# until it gets to a long low pulse (e.g. between bits or signals). It then
# checks that the pulses so far are all the same frequency, and compresses
# them into a triplet of the frequency, the amount of time that freq is emitted
# and the amount of time the signal is 0 into frequency_pairs
for p in range(0, len(dataset), 2):  # take points two at a time
hi_p = dataset[p]
lo_p = dataset[p+1]
if (p+2) == len(dataset):
# we make a fake final pulse
hi2_p = [lo_p + 100000, 1]
else:
hi2_p = dataset[p+2]```

Now we do a quick assertion, that the high pulses should be value '1' and the low pulse should be value '0' and bail if somehow that happened.

Then, we take the actual length of time in samples of the high and low pulses, by taking the differences (deltas) between the pulse's timecode and the next one. Once we have the deltas, add them to make one cycle, and divide by the samplerate to convert to seconds, then invert to get the frequency of those two pulses. This is basically the stuff we did by hand at the top of this page, but now its done in code.

```        if (hi_p != 1) or (lo_p != 0) or (hi2_p != 1):
print("Error in matching pulse polarity")
exit(0)
delta_high = lo_p - hi_p  # length of high pulse
delta_low = hi2_p - lo_p  # length of low pulse
pulse_period = (delta_high + delta_low) / SAMPLERATE
pulse_freq = 1 / pulse_period
#print("%d, %d -> %0.2f" % (delta_high, delta_low, pulse_freq))
```

Now we've got a pulse of on/off light. Check at the bottom of this block and we have this section after our special-case checks;

` # otherwise, add this pulse point`
` pulse_points.append(pulse_freq)`

That is, assuming nothing special, we'll append the frequency reading we just made to a list for later handling. We'll do this 99% of the time, calculating the frequency of a pair of pulses, then appending until....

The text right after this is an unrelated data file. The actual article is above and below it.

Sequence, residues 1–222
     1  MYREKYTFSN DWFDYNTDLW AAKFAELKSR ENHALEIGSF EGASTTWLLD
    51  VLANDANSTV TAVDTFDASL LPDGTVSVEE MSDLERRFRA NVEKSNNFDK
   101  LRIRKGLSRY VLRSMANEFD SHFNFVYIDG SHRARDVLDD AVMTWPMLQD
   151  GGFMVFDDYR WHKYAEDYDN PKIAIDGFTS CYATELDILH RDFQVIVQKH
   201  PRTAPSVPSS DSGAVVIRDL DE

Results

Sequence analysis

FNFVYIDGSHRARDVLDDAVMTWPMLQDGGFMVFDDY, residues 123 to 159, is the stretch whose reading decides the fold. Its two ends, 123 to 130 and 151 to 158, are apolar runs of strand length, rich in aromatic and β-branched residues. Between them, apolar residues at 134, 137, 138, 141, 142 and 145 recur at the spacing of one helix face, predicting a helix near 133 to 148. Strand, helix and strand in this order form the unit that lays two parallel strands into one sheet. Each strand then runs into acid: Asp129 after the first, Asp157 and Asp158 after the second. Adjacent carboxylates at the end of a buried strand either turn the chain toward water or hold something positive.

Now we come back to the special cases at the top of the `if` statement. If the low pulse is over 30 times longer than the high pulse, we're probably at the end of a pillar of modulated signal. (we picked 30 arbitrarily) Lets check if we have anything stored in `pulse_points`, if not it means we had a single blip of light, which is super weird (but did happen to us) So we store it in `unusual_codes`.

Otherwise, lets figure out what happened in this 'pillar' of pulses. We calculate `avg_freq` which is just the plain 'mean' average. Then we check that all the pulses are within 10% (over 0.9x and under 1.1x the average). If there is any such variation, we store for later and keep going. This did happen a few times, we just dropped these points.

Finally, if all the frequency-pulses in a pillar are within our exactly standards, we simplify them all down to a 3-part list. The list contains the average-frequency, the length that the pulses were active, and then that long-`delta_low` pulse converted to seconds.